Before you get started on the stereotype of the tortured artist genius, let me debunk that myth. Artists produce well when they are happy, not when they are intoxicated or suicidal. The Hemingways and Jopplins of this world created on their good days and they would have continued being just as talented if they had found a way to calm their demons and stay alive. Unhappiness does not make art. Side rant over.
Back to my main point: as artists, a lot is expected of us, which is not expected from members of other professions. We are expected to LOVE what we do, to love our lives.
We’ve chosen fields knowing the odds of financial and professional success were stacked against us. We were warned over and over by well-meaning elders, by family members, by other artists even, not to follow this path. And we fought hard against the sea of doubt, the urgings to consider a plan B, the advice to recycle our artistic skills toward more viable trades. We were stubborn. We were purists. We wanted art for art’s sake and we would prove the validity of our choice against the materialistic and utilitarian values of our society. We would follow our bliss, our calling, we would be true to ourselves and we would be rewarded for it. This reward would come in the form of a greater sense of purpose, a higher state of being and the bypassing of the fabled mid-life crisis. The mid-life crisis is the artist’s sweet revenge, when all those corporate folks realize how empty their lives are and they quit their stable, well paying jobs to do pottery in a hut, and we artists who have been poor this whole time feel vindicated in our life choices. That is the fantasy. It is also a pile of garbage.
A lot of us are miserable, as miserable as the corporate types. We can be unhappy, petty and brutally jealous of the success of our peers. We spend long hours doing our administrative and self-promotion tasks and dreaming of free time. Many of us work so many odd jobs, jobs that allow us the “freedom” to keep our artistic practice a priority, that we are exhausted from just managing the logistics of our double or triple lives. Because we quit any job that becomes a threat or competes with our personal artistic goals or projects, we never experience advancement. Because we work for ourselves most of the time and for no pay, we don’t experience being rewarded for our work (other than the personal rewards of creativity, of course). And most of the time, every job, every project, every audition feels like starting over and swimming upstream.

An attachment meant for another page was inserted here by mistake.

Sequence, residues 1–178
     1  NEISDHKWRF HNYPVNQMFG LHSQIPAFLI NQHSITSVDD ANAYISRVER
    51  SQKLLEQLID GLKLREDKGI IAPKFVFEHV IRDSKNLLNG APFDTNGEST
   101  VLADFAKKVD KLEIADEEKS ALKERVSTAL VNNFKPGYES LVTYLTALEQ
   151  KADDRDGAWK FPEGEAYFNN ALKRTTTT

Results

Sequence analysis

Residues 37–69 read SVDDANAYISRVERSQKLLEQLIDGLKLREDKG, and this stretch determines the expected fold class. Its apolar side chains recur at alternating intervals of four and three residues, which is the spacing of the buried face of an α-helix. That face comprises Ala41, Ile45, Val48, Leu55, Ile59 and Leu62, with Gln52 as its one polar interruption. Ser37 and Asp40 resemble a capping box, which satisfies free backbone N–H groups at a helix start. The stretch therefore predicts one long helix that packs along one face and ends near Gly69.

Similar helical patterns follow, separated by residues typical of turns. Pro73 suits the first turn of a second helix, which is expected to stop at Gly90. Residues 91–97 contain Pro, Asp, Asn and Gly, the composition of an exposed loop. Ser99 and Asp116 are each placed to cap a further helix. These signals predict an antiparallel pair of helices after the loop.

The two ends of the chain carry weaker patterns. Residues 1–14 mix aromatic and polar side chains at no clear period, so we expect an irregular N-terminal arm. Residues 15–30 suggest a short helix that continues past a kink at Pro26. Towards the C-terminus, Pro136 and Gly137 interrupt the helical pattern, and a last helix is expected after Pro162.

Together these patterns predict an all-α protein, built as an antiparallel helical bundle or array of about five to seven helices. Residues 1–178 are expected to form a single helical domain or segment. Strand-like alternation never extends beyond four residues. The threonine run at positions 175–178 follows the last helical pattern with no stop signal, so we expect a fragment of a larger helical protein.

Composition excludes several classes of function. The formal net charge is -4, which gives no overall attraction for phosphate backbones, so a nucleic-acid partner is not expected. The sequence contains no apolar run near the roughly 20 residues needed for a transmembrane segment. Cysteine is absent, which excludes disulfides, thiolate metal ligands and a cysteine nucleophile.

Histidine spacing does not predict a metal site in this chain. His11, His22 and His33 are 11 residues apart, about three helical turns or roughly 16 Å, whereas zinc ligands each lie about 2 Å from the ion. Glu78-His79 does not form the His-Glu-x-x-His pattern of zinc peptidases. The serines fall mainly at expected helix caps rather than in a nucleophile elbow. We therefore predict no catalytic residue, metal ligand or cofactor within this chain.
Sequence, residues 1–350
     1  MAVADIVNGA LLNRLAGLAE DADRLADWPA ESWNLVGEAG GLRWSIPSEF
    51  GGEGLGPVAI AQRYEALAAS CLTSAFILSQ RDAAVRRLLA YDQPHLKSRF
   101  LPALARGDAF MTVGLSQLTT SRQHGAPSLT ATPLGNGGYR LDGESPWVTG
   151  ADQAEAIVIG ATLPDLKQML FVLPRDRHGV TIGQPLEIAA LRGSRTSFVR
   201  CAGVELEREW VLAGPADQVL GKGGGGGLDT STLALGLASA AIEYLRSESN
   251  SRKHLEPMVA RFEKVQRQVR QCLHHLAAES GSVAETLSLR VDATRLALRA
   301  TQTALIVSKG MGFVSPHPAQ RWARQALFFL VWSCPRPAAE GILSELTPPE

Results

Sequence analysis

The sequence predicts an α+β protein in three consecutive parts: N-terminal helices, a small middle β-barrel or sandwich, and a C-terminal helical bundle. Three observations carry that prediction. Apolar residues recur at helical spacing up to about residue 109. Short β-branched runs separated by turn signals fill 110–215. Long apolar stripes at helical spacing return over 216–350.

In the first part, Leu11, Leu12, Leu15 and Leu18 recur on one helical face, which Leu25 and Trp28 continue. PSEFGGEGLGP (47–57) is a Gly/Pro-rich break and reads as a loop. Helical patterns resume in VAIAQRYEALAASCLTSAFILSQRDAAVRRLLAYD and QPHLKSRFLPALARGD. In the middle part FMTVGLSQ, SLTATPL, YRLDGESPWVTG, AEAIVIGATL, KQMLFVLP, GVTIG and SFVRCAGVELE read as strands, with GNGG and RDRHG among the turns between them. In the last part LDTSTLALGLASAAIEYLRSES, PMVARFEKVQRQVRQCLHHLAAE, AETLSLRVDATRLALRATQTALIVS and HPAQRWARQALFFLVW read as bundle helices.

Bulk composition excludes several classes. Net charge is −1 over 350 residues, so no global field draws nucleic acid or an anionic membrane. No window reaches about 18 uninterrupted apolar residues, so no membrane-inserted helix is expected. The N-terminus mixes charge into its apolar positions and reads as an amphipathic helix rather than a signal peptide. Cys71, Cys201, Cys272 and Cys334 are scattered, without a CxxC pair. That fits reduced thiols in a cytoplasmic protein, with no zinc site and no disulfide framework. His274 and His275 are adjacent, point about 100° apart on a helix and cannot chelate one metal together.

A lot of us have the brains and skills to do other things, some of us could have been doctors or lawyers or CEOs. (And yes, I realize how privileged that makes me sound and I don’t deny it, many members of the artistic community do, in fact, come from education and privilege.) We could have been in professions where careers follow an upward curve, where ten years of experience gets you to the next level, where those years are documented, respected, taken into account. There are professions where hard work translates into success, where the acquisition of skills makes you more valuable over time. As artists, we are only as valuable as we appear to be in the current market at any given second. I’ll speak for myself now. As an actor, the amount of work I put into my craft does not translate into me getting hired. I may not be the right type this year, or next year or the year after that.